As the cycles in the dairy industry continue, we are facing a period of marginal or negative cash flows. Since 2009, communication with your lender has become even more important, both from your standpoint and theirs.
With increased regulations and scrutiny in the lending industry, quality and timely information become a necessity for your lender to be able to meet your needs.
Here are three keys to successful communication with your lender.
Verbal communication. Keep in touch with your lender on a regular basis. This doesn’t mean you need to call, e-mail, text or drop in to visit him daily, but a short phone call once in a while goes a long way. If things aren’t going perfectly, increase the frequency of contacts and make sure your lender is in the loop. The flip side is true as well: Know what your bank thinks about what is going on in the industry. If you are having difficulties cash-flowing, chances are your neighbor is as well and your lender already knows. What your lender doesn’t know is what you are thinking.
How will the decisions you are making affect your cash flow? Is your perspective on where the market is going the same as your lender’s? Let your lender know what your plans are going forward. In short, make sure your lender is informed about what is going on in your operation; lenders don’t like surprises.
Numerical communication. As most of the industry knows, reporting requirements for lenders have increased significantly over the past three years. These include increased frequency of position reports, financial statements and collateral inspections. These requirements were born out of increased regulatory pressure on your lender as well as the overall performance of the dairy industry in 2009.
Given the difficult times we are in, you should provide your lender with an updated cash-flow projection. Don’t send him something that shows milk and feed prices that aren’t attainable. Send him a cash flow that you can support by historical or actual current information. If you have a negative cash-flow projection, how are you going to cover the shortfall? Do you expect your lender to cover it? Or your feed supplier, local farmer, outside cash/investor? This makes a huge difference in how your lender can help you.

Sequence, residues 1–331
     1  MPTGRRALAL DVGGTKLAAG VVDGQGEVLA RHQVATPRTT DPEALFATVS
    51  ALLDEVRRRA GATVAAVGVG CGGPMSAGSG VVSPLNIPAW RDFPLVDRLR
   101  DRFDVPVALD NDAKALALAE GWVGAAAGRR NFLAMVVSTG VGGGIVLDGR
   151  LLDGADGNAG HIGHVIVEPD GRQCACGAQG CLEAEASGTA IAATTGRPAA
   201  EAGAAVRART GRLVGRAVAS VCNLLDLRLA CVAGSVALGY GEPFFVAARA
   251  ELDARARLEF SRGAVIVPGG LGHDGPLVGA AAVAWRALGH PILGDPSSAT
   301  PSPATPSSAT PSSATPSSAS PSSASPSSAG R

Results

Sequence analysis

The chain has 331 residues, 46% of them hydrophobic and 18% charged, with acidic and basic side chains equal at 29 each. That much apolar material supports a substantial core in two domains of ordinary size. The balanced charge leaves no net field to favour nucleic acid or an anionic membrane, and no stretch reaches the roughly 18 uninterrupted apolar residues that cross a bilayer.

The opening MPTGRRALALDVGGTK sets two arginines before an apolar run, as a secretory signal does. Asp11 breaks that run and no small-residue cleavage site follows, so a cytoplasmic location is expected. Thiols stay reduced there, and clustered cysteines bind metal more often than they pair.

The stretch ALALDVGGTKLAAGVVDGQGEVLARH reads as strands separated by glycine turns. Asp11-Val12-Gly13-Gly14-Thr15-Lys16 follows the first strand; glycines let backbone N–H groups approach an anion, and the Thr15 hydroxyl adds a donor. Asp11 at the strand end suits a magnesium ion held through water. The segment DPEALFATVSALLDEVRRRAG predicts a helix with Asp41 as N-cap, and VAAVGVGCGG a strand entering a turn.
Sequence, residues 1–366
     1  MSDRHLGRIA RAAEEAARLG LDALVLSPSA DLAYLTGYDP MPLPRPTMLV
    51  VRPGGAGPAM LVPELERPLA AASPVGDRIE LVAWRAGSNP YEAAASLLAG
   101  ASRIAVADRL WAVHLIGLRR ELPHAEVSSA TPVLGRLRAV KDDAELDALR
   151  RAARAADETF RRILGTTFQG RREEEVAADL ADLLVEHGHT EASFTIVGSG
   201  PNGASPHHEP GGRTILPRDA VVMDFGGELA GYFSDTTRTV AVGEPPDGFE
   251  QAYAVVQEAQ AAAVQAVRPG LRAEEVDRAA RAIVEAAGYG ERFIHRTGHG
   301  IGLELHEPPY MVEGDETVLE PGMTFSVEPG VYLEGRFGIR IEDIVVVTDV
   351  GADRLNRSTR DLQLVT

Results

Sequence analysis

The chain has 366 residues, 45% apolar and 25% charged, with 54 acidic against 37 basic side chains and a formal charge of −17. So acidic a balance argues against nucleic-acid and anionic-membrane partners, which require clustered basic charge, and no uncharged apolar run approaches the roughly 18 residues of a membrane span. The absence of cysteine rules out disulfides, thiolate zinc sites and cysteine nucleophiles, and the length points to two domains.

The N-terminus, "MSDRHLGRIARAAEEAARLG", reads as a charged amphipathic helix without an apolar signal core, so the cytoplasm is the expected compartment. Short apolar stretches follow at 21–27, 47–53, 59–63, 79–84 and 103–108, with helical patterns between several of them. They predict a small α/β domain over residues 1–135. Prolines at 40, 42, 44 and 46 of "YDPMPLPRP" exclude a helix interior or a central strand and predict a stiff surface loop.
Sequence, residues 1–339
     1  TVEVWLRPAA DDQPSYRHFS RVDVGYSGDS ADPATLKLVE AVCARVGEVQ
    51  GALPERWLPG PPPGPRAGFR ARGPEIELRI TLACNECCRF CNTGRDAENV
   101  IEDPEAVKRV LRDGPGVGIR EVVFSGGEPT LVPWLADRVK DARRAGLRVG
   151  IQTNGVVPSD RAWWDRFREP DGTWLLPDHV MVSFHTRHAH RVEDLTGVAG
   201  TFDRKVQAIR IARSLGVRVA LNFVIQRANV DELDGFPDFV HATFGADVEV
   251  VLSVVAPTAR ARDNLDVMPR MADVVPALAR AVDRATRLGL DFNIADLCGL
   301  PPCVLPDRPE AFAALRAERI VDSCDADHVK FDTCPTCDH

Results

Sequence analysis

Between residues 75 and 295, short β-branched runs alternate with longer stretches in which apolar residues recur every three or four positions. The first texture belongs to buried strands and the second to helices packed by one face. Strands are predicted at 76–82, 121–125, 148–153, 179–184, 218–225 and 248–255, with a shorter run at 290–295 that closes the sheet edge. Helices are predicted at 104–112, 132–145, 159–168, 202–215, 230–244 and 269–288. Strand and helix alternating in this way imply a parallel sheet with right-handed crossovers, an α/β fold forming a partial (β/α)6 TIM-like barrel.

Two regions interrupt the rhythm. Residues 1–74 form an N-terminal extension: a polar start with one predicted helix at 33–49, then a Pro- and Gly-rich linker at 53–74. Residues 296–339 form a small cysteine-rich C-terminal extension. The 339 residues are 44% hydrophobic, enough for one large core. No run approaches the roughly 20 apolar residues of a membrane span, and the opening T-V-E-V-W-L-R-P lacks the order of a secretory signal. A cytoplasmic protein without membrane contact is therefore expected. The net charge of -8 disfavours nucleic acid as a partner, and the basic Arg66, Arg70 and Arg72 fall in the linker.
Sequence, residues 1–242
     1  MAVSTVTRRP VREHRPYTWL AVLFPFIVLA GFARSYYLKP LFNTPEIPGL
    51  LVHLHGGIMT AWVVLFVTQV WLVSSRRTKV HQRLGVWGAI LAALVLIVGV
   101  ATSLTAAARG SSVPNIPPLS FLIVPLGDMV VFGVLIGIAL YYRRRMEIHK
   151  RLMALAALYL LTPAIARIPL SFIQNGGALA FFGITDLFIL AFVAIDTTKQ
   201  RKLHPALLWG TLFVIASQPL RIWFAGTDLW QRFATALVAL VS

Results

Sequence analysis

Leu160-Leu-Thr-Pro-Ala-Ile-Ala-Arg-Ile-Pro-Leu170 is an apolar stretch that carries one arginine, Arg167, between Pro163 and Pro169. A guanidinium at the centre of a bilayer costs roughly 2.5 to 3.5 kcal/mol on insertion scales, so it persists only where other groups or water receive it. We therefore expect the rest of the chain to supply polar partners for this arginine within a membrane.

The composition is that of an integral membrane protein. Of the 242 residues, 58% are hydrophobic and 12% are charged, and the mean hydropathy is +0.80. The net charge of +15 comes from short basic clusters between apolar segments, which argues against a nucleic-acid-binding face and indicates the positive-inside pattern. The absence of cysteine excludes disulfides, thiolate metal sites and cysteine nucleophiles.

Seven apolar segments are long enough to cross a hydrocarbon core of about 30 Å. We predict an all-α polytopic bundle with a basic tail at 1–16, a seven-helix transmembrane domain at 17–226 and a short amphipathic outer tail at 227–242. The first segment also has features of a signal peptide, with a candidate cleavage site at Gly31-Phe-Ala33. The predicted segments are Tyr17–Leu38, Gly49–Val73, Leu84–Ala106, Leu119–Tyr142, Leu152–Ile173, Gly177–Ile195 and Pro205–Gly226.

What changes are you going to make to improve your operational efficiencies? Are there any that can be quickly accomplished? How would they change the overall performance of your operation? Provide your lender with something tangible that he can use to help meet and support your needs. Whatever you provide shouldn’t be a surprise, since you have been communicating verbally with him on a regular basis. You know your business better than your lender does. Provide him with accurate, timely information. What you provide helps him be a better lender and you a better client.
Fiscal communication. Most of you can provide a snowstorm of information about your operation that can overwhelm your lender. Most lenders are not dairymen. If they were, why would they be lenders? They are trained to look at information in a systematic way, which enables them to compare and evaluate your performance relative to your past performance, current industry conditions and your peers. Lenders require CPA-prepared accrual financial statements for your operation (review quality, preferably). These financial statements are your communication method with your lender and his organization. Since they are prepared according to a standard set of accounting guidelines, they are a valuable communication tool for your lender within his organization. This allows him to represent your operation in terms a decision maker will understand.
Since financial statements are the primary tool a lender uses to evaluate your performance, they should be accurate, timely and representative of what you have been communicating to your lender. A quality CPA firm can provide you with financial statements that your lender will appreciate.
The CPA information you provide to your lender is from an independent third party and validates the prior information that you have provided on a more frequent basis. This level of reporting should yield better financing.
As with those prior communications, make sure you understand the financial statements you are providing to your lender. Take the time to go over them with your CPA so you can answer most of the questions your lender might have about them. If you understand the differences between your own information and your independent CPA financial statement, you are ahead of the game.
Keep your communications conservative, consistent and pragmatic in order to maintain a sound relationship with your lender.